Imagine that - an action developed from the priorities and needs of the working class. What a topsy-turvy world by 2010 standards. Yes, working class and impoverished people are still the majority of America, but are they listened to? Does anyone with power care what they think, much less sacrifice time and energy to benefit them?
- King was able to discuss Karl Marx without discombobulating. There's an interesting chapter in the middle where King discusses the philosophical background of the philosophy of nonviolence that he first put into practice in Montgomery. (That chapter alone is worth getting your hands on a copy of this book.) He discusses Hegel, Nietzsche, of course, Gandhi, and... Karl Marx.
Now, he disagrees with Marx on lots of points, the first and foremost of which is that Marx was an atheist (King does not say that Marx was atheist so his beliefs only apply to him; King said Marx was wrong, in an absolute sense, because Marx didn't take God and the principles of the Christian faith into account). But also agrees with Marx in that pure capitalism is an oppressive system, and he credits Communism generally with being a protest for the underprivileged and for challenging people to be concerned with social justice.
I'm reading John Maynard Keynes's General Theory of Employment, Interest and Money, and right in the preface he's citing Marx's scholarly work as scholarly work (and Keynes was no Communist). What happened between then and today? How can someone like King have read, discussed, and published in a non-academic context on Marx at the height of the Red Scare when a majority of people today can't hear "Marxist" without thinking "Kill! Smash! Destroy!" Perhaps King was an aberration along those lines for his time; perhaps we've moved so far to the right and our discourse has gotten so oversimplified that we can't imagine the caricature behind our last Existential War having anything worth discussing.
- The Montgomery bus boycott was much larger than the actions of King and Parks. No, it wouldn't have been the same had neither been born, but King stresses over and over again that the movement was much larger than himself and that the conditions had been building for a while and the energy behind it was larger than the organizers.
Rosa Parks wasn't the first person to be disrespected, punished, or arrested for not following segregation rules on the bus (King mentions two stories, one of an arrest, one of a pastor being kicked off the bus, and he wasn't trying to put together a comprehensive history), and Montgomery wasn't the first city to decide to boycott the bus system (King called up a pastor in Baton Rouge for help). It wasn't the first city to desegregate its buses either. King wasn't the only talented pastor in the city that cared about integration, and he wasn't the only activist committed to nonviolence.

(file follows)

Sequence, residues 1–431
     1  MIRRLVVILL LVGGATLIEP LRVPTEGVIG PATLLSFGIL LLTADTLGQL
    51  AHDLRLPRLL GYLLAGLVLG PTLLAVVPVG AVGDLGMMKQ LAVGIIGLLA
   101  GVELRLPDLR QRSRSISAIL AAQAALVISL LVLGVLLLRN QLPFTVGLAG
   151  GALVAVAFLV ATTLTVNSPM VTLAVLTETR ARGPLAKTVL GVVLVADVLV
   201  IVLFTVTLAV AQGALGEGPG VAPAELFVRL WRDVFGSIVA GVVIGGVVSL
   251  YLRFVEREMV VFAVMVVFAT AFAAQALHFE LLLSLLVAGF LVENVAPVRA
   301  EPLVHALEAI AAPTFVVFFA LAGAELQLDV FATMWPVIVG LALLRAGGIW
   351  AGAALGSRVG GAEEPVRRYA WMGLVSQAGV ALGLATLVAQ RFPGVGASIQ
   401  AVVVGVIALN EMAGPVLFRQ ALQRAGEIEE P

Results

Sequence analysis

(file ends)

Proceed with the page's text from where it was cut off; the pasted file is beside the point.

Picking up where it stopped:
There was an organization formed, with dozens of people on various committees and support from many churches. Hundreds of people worked and planned and organized and spoke out and drove and donated and got involved. And, of course, there were the estimated 50,000 people who sacrificed their comfort and time for over a year to avoid the buses. King himself didn't understand how it all came together, writing that there was a "suprarational" quality to the boycott that couldn't be explained without a "divine dimension." He also submitted his resignation as president of the Montgomery Improvement Association twice when he thought he wasn't effective.
I'm not pointing this out because it's any surprise, but because the way history often gets taught in schools is as a story of great men accomplishing large feats, separated from the community, the social forces, and the ideas that shaped their times. Could George Washington have crossed the Delaware if no one rowed the boat for him? Would anyone care about Michaelangelo today if no one paid him? Would Galileo be remembered at all if no one taught him at school, raised him and made the food he ate, had no one done the research that his work built on?
That combined with the poor education lots of students receive on this portion of history - Rosa Parks was the first person who was just too tired to go to the back of the bus (fun fact: she was already in the back of the bus when she was asked to give up her seat), then the Civil Rights Movement happened, and everything was solved - it's worth repeating that these actions required the participation of tens of thousands of people and didn't produce immediate results. Even the boycott in Montgomery led to increased segregation elsewhere as segregationists tried to compensate.
These events are not the product of a great person finally coming along, bashing heads together, and setting everything straight. History's more complicated than that.
Tomorrow I'll get into more specifics, discussing why just quoting King out of context and applying his words to the LGBTQ movement isn't the level of reason we need right now. Moreover, I'm concerned about how every now and then someone will just randomly lament that there's no "gay Martin Luther King" to unite us all and lead us to
freedom equality. Then the lessons that we, as queer people, can and should learn from him will take up the rest of the week.